Loss of a dozen starters has really hurt the Ravens

October 22, 2013 | Drew Forrester

Loss of a dozen starters has really hurt the Ravens

Everywhere I went on Monday, the question was basically the same:  ”What’s wrong with the Ravens?”

A few folks who asked that of me quickly followed up with, “You shouldn’t be this bad a year after winning the Super Bowl.”

Well, what’s wrong with the Ravens is, in fact, a by-product of winning the Super Bowl in New Orleans last February.

The 2013 edition of John Harbaugh’s team isn’t the same one that won the title in 2012.  Simple, right?  Well, yes, it sort of IS that simple, actually, even though people are always trying to find the “hidden secret” or “untold story” of the team.

Try this simple exercise for a second.  You’re going to have to put your pre-conceived negative opinions of John Harbaugh, Joe Flacco and Ray Rice on the side for a moment, because this little game won’t work if you can’t do that.

OK…ready?

I want you to rewind your brain all the way back to last January.  The Ravens have just finished 10-6, won the AFC North, and get to take on the Colts in the first round of the playoffs.  If they win there, their “prize” is a trip to Denver to take on a Peyton Manning team that rocked you in Baltimore a month earlier.  And, if you’re somehow fortunate enough to get past the Broncos, the last remaining hurdle between you and the Super Bowl is a visit to Tom Brady’s house in Foxboro.

Still with me?

OK — the week before the Colts game, a crippling virus races through the Ravens locker room and these ten players are deemed OUT for the remainder of the playoffs:  Anquan Boldin, Matt Birk, Dannell Ellerbe, Ed Reed, Ray Lewis, Paul Kruger, Brendon Ayanbedejo, Bernard Pollard, Cary Williams and Dennis Pitta.  Add Bryant McKinnie to the mix after Monday’s trade and that makes eleven key players gone. (Keep in mind, as much as people like to beat up McKinnie, the Ravens are 0-2 since they jettisoned him to the bench in favor of Eugene Monroe.)

Could the Ravens have won four straight games in January and February without those eleven players a year ago?

Honestly?

Of course not.  They wouldn’t have moved past Indianapolis in the first round of the playoffs given those ten starters missing the game due to the mythical “virus” I described above.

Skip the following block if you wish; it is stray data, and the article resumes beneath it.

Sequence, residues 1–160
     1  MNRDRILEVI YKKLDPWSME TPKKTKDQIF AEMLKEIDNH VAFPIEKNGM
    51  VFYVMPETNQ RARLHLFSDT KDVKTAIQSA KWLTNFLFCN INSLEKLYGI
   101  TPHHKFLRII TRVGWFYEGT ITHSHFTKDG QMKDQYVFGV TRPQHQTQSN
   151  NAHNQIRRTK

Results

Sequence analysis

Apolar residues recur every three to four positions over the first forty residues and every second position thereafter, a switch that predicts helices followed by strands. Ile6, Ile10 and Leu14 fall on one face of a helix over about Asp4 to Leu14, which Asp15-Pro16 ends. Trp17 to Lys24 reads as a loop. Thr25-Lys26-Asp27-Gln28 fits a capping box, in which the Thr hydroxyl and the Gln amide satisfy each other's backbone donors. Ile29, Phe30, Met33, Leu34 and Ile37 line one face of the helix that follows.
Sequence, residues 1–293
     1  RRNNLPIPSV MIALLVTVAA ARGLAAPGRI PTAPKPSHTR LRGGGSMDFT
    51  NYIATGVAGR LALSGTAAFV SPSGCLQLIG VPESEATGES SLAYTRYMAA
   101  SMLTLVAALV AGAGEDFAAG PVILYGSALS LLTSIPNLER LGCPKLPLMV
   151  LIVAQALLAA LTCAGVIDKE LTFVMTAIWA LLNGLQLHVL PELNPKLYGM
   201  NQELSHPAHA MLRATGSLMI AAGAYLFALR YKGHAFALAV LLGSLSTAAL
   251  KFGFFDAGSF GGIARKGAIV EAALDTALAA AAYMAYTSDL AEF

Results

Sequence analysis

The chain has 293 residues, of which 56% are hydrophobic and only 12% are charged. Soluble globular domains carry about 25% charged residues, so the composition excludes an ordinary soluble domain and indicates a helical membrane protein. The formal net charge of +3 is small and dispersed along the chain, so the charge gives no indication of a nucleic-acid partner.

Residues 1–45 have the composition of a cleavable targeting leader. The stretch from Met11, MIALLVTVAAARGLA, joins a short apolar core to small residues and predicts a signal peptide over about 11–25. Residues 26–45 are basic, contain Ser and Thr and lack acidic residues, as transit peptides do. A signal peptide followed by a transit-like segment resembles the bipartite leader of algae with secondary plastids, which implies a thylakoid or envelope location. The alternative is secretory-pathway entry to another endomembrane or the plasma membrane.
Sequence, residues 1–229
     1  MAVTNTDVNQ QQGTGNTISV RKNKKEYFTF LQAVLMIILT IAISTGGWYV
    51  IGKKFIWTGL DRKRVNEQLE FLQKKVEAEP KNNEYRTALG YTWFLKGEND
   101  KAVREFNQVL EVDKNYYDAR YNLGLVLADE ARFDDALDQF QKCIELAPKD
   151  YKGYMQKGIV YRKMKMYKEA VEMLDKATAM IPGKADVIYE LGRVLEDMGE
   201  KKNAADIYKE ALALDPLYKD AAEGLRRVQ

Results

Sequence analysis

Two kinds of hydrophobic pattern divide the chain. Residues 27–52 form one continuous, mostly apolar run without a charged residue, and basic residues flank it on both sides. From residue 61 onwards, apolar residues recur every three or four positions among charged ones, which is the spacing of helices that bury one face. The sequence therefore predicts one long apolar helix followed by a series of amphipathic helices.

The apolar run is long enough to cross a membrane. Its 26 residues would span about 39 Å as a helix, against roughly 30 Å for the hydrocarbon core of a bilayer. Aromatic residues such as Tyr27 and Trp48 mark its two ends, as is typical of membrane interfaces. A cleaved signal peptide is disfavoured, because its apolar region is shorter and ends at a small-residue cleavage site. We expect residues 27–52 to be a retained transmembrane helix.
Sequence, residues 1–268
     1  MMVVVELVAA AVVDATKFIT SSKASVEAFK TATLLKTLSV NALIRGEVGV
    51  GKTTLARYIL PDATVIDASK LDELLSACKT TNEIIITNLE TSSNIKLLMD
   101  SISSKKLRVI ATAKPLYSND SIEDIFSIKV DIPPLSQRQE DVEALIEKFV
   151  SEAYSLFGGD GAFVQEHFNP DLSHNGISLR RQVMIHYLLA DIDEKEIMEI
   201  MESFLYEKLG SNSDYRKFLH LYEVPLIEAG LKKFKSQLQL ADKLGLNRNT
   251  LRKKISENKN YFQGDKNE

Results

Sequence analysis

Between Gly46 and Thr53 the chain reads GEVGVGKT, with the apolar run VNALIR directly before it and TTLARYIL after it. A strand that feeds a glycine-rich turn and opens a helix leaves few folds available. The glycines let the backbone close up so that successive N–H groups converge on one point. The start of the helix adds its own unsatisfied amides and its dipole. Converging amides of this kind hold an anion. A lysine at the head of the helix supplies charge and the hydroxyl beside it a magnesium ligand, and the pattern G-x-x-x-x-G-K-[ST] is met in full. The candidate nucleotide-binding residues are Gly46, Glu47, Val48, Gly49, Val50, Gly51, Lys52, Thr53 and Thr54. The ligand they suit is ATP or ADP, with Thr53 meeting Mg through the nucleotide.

Well — of those eleven players I listed, nine of them were STARTERS from a year ago who haven’t played a single down for the Ravens this season.  McKinnie played 5 of 7 games before they sent him packing on Monday afternoon.

Of the players listed above, only Dennis Pitta remains on the roster, and he’s injured and was unavailable through seven games of 2013.

If you’re looking for the biggest reason why the Ravens are 3-4 at the bye, you just saw ten of them above.  There are, generally speaking, 22 “starters” in any game.  Ayanbedejo wasn’t technically a starter, but he WAS a special teams ace, so I deem him to be an important cog in the machine.  So, ten starters – out of 22 – are gone.  That’s not quite 50%, but it’s a huge chunk of quality missing that needed to be replaced.

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6 Comments For This Post

  1. unitastoberry Says:

    Great points. Like I said yesterday too many new faces who are not good enough. As far as McKinney without him at LT we don’t win the Superbowl and don’t forget the year before when he took no prisoners all season to be left in the dust by a dropped pass. The man reminds me of Bubba Smith before the knee injury because neither took the game seriously to the point where they could have been HOF material, but when they did no one could beat them at their respective positions.

  2. The Armchair QB Says:

    We wanted to believe that all the changes weren’t, “rebuilding”, but, in fact, they were! The team needs playmakers at some of the skill positions on offense, i.e., WR and TE and the “O” line desperately needs a…center! There’s enough young talent on the “D” to form a solid nucleus, but the “O” needs an infusion to become more competitive. In the interim, the offense needs to set up the run with the pass, not vice versa. The were widely criticized for throwing the ball so often against Denver when they really had to. But,, they did manage to score 27 points, which would have been enough to win ALL of their other games…….

  3. Steve from Sandpoint Says:

    Yesterday I said I didn’t have an answer for fixing what’s wrong with the Ravens, but thanks Drew for reminding us of all the players we lost from the Super Bowl Winning Team !!!

  4. justafan Says:

    So0me “experts” predicted that the Ravens might even be better this year than last despite losing half of their starting players. This is what is known as whistling past the grave yard.

  5. Jason Manelli Says:

    Bisciotti doesn’t say much about the team, but when he sat there next to Oz and Harbs with the Lombardi, he prepped the fans and the media to expect that we would not be the same team next season, that we would not repeat the mistakes that caused the 2000 team to need 12 years to get the trophy back. I’m a season ticket holder and I’m willing to be patent this season. As Drew pointed out this AM, if you can’t get away with a rebuilding 8-8 after winning the Superbowl, when can you?

  6. Dan Says:

    My question is did this have to happen, or did somebody distribute the money poorly ? Did we get rid of key players unnecessarily ( like we did after 2000 ) or could this have been handled better ?

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